The elections for the National Assembly (Narodna skupština) on December 9th, 1990 did not bring unexpected results. The majority of the voters (46%) gave their support to SPS. Due to the electoral system, that was structured by SPS (and finally recognized by the opposition with believing that such system will bring final electoral victory exactly to them but not to SPS), the party won 194 seats (77,6%) in the parliament out of 250. SPO with 15,8% got only 19 seats (7,6%), the Democratic Alliance of Vojvodina’s Hungarians (Demokratski savez vojvođanskih Mađara – DSVM), benefiting from the territorial concentration of their supporters, gained 7 seats (3,2%) with 2,6% of the votes, DS 7 seats (obtained 7,6% of votes). The rest of 13 political organizations, elected to the Parliament, won between 1 and 2 seats.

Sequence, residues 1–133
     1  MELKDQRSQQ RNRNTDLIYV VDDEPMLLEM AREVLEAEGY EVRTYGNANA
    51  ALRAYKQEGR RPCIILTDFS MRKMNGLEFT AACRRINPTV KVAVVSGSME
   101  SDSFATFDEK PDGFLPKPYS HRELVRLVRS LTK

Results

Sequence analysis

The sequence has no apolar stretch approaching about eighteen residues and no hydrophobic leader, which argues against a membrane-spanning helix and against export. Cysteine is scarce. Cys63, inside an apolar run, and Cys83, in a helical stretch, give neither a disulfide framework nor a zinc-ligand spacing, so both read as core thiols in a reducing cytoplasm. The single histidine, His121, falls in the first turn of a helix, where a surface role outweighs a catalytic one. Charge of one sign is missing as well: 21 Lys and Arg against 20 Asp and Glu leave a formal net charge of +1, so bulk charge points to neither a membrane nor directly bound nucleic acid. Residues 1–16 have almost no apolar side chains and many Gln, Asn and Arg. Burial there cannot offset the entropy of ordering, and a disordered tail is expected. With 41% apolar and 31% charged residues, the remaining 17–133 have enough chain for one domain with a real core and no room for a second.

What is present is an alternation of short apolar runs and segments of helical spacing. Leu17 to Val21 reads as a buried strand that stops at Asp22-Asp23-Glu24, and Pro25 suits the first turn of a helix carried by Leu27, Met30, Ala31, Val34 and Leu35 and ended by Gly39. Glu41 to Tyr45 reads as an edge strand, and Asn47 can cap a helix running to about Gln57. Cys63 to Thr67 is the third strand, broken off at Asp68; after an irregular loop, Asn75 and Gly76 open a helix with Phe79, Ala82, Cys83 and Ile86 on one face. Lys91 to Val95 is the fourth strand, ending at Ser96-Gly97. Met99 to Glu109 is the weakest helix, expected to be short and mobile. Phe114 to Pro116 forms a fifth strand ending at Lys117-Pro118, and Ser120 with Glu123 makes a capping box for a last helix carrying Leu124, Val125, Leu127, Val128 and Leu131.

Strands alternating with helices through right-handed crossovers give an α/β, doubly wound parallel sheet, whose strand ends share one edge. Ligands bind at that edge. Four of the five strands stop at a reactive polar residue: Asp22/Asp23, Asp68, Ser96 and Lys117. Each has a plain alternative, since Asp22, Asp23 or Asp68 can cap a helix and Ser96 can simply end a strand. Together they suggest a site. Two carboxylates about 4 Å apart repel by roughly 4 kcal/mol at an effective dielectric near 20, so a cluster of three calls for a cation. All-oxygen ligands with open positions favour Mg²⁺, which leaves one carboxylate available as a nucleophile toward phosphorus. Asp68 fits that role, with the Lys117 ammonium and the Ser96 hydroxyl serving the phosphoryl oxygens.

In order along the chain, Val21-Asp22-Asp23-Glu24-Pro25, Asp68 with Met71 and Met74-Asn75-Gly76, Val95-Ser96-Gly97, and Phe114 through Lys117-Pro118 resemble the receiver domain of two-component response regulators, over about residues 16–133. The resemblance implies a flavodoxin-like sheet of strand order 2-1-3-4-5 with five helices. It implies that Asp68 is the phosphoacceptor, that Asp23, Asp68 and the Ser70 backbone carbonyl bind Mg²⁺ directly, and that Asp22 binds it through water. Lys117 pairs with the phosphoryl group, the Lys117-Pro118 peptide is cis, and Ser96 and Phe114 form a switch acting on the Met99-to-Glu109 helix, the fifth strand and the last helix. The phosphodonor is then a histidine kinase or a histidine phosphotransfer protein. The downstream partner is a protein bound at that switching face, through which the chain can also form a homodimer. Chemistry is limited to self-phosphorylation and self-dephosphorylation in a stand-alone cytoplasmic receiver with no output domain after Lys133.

The results of the elections to the National Assembly had shown a twofold phenomenon. Firstly, a number of smaller parties and independent units did gain representatives in the National Assembly. Secondly, the gained voices of the oppositional parties were too small to compose a strong opposition. The elections to the National Assembly demonstrated the limits of democracy in Serbia when previous party system attributes were modified to introduce democratic elections and continue to control and maintain the real power by the same ruling (former Communist, currently SPS) party.